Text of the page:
We have a dirty little secret in our family: dirty, and dusty, and leaf-mold-y. We are geocachers. Other people may spend their free time throwing a football around, or sailing, or even watching television; but we like to go out into the woods — or the fields, or even the parking lots of the world — and find things that other geocachers have hidden.
Geocaching is essentially a high-tech game of hide-and-seek treasure hunting, in which participants use GPS devices to find their way to hidden items called “caches”. Often the only reward is the thrill of success (the “Aha!” moment) but often there are little trinkets in the container to be traded.
And that is — in part, at least — what makes this such a great family activity. Children love the whole concept of adventure and hiking in the outdoors, and they especially love the idea of finding hidden treasure. Geocaching is essentially an outing that has an additional purpose, a game that children are often especially good at (in part because they are naturally curious, but also — let’s face it — because they tend to be shorter and have better vision than adults and can more easily see close to the ground.)
For the child who is interested in the natural sciences, the hobby of geocaching offers a welcome opportunity to hone his observational skills. There are plenty of birds, beasts, and crawly things to be observed along the way, and the practice of close inspection (which is, after all, necessary to find hidden items) serves the budding biologist well. A field guide to identify plants, bugs, or birds, a small pair of binoculars, and a child’s field microscope (see photo below) are great accessories to bring along on geocaching expeditions. A small hand-held compass would also be a great addition (though GPS systems do have a compass function) so that kids can learn about navigation and bushwhacking.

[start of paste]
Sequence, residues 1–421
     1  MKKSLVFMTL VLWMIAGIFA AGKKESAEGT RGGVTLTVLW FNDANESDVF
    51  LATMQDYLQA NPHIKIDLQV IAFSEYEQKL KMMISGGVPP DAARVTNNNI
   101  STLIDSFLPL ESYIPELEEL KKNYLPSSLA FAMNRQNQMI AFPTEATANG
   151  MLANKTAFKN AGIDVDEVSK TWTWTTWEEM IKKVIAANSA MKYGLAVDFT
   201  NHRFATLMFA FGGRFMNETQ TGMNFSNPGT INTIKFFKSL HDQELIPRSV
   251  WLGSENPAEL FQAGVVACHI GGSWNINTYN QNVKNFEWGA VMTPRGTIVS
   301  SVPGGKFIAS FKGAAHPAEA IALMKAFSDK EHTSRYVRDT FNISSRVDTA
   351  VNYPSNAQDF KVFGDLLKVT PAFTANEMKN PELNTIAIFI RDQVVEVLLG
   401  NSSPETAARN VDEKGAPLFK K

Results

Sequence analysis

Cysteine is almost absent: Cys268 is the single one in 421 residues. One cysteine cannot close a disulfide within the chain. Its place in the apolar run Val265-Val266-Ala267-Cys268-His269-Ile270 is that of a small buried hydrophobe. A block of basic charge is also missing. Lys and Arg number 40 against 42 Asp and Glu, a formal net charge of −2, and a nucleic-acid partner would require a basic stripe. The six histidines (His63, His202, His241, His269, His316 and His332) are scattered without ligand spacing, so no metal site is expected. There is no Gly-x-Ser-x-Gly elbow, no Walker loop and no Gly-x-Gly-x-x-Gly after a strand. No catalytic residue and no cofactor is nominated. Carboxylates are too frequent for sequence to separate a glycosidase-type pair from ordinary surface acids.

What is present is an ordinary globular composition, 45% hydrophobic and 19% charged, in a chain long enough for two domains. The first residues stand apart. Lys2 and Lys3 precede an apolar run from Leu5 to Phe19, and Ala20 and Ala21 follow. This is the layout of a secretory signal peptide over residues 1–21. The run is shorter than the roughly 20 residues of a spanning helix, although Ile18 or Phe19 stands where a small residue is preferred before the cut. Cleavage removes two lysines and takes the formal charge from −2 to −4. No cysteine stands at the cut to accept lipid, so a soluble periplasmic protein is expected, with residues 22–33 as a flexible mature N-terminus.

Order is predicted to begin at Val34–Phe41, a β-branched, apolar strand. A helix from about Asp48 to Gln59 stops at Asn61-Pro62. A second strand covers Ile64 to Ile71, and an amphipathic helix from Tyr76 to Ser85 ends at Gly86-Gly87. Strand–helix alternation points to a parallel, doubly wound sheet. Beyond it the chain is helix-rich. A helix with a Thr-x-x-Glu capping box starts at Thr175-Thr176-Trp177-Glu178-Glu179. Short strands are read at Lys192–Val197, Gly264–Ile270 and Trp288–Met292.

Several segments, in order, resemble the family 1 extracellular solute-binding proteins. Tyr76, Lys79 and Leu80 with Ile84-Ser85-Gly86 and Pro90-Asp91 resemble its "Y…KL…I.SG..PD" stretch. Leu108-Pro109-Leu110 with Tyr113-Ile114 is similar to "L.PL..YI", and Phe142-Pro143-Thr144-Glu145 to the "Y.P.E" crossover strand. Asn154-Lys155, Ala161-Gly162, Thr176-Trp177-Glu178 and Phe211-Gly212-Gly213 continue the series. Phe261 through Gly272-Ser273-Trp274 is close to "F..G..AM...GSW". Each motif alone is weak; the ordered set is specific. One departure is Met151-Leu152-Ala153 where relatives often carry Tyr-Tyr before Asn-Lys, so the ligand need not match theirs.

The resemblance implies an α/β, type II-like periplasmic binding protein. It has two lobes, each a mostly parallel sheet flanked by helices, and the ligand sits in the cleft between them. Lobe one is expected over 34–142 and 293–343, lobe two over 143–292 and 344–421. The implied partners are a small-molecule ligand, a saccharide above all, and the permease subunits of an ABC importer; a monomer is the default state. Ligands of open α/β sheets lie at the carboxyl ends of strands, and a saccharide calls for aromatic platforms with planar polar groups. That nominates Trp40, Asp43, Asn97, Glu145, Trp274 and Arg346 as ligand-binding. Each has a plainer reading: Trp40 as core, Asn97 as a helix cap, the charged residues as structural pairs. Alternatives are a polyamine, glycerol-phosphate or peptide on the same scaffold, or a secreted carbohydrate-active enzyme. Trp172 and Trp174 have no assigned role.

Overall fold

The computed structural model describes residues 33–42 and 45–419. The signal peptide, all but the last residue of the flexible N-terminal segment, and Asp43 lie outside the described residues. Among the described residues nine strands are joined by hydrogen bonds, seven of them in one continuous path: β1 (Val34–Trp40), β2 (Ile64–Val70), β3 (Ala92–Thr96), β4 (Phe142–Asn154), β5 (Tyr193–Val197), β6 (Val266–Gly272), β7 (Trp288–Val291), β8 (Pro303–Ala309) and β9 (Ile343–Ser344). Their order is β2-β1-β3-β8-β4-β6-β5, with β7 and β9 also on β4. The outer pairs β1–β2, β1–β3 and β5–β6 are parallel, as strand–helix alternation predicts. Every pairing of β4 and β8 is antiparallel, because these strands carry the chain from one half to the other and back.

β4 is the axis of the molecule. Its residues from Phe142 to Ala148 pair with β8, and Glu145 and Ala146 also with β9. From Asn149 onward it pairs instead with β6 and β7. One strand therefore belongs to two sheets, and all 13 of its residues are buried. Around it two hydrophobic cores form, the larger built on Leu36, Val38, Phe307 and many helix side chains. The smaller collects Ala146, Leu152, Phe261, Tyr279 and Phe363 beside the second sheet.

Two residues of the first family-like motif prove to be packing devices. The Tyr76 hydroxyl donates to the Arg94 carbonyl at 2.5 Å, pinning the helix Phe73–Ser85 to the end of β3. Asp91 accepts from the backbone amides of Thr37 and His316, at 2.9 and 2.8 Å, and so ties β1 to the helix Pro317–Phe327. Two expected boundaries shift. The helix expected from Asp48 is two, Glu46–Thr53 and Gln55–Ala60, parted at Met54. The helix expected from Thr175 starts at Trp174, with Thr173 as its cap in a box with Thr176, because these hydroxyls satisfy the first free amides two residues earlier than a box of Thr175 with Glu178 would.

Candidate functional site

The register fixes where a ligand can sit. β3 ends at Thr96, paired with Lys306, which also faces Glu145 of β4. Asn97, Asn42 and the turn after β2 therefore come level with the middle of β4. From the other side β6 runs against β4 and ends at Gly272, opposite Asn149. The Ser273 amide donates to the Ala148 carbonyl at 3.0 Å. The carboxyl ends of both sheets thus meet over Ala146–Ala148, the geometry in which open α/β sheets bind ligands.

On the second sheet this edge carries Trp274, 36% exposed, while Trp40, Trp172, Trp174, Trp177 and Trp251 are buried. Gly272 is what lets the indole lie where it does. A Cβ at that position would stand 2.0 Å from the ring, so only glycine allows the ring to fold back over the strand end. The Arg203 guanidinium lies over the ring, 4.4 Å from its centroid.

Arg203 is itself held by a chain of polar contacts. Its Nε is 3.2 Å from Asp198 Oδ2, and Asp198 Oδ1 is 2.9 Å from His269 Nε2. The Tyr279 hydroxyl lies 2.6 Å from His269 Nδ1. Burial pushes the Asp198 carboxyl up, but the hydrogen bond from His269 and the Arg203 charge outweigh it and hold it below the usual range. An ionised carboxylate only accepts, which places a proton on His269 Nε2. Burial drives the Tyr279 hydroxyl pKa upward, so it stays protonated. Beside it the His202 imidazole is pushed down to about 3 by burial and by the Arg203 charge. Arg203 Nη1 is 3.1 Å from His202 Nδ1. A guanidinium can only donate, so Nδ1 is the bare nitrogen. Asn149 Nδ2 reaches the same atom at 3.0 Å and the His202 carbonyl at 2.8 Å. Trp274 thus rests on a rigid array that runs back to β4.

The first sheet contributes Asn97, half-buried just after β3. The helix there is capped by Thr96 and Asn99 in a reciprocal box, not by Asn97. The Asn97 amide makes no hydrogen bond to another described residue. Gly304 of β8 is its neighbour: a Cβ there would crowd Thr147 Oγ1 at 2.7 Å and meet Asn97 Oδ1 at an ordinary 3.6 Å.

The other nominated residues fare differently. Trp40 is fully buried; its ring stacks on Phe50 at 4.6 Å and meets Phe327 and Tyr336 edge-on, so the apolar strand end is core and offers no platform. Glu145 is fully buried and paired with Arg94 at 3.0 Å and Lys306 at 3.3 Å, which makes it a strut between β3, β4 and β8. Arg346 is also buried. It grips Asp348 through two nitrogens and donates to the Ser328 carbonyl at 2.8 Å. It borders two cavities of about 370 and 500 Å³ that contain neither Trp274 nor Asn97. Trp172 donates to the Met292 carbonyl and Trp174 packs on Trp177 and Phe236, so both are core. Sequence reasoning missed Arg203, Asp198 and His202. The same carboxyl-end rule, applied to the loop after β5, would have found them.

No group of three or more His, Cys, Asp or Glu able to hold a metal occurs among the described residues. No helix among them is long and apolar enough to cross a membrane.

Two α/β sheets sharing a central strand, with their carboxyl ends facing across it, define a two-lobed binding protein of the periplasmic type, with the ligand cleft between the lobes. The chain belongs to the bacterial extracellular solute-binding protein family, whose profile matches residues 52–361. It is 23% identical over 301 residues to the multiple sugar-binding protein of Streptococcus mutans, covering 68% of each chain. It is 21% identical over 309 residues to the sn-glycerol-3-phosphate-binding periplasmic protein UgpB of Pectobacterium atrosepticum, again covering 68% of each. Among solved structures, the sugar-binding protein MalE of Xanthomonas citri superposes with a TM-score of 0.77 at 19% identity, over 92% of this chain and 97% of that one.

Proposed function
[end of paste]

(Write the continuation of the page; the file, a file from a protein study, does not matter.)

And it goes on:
The only truly necessary equipment for geocaching, though, is a GPS (global positioning system). Experienced geocachers don’t recommend using automotive GPS systems, as the caches may be a considerable distance from car parking, and the search radius would therefore be uncomfortably large. There are a great many hand-held GPS systems available, starting at under $100, which will do a great job (we have a Garmin, which we like a lot), and you can also download GPS apps for smartphones such as the iPhone and the Blackberry which will essentially turn them into GPS systems (and they seem to work just fine).
Geocaching has encouraged us to get out into the world and see things we might never have noticed had we not been trying to find a cache: lovely parks, beautiful vistas, historic buildings, quiet trails. We usually bring our dog along (though she’s proven herself quite useless as a treasure-finding-dog) and she loves the outings too.
For a complete introduction to this engrossing hobby, visit Geocaching – The Official GPS Cache Hunt Site. Basic membership is free, and allows you to seek (and hide!) caches in your area or wherever you may travel around the world. They have a good little video on the page that explains all the basics.
Now get out there, and have fun!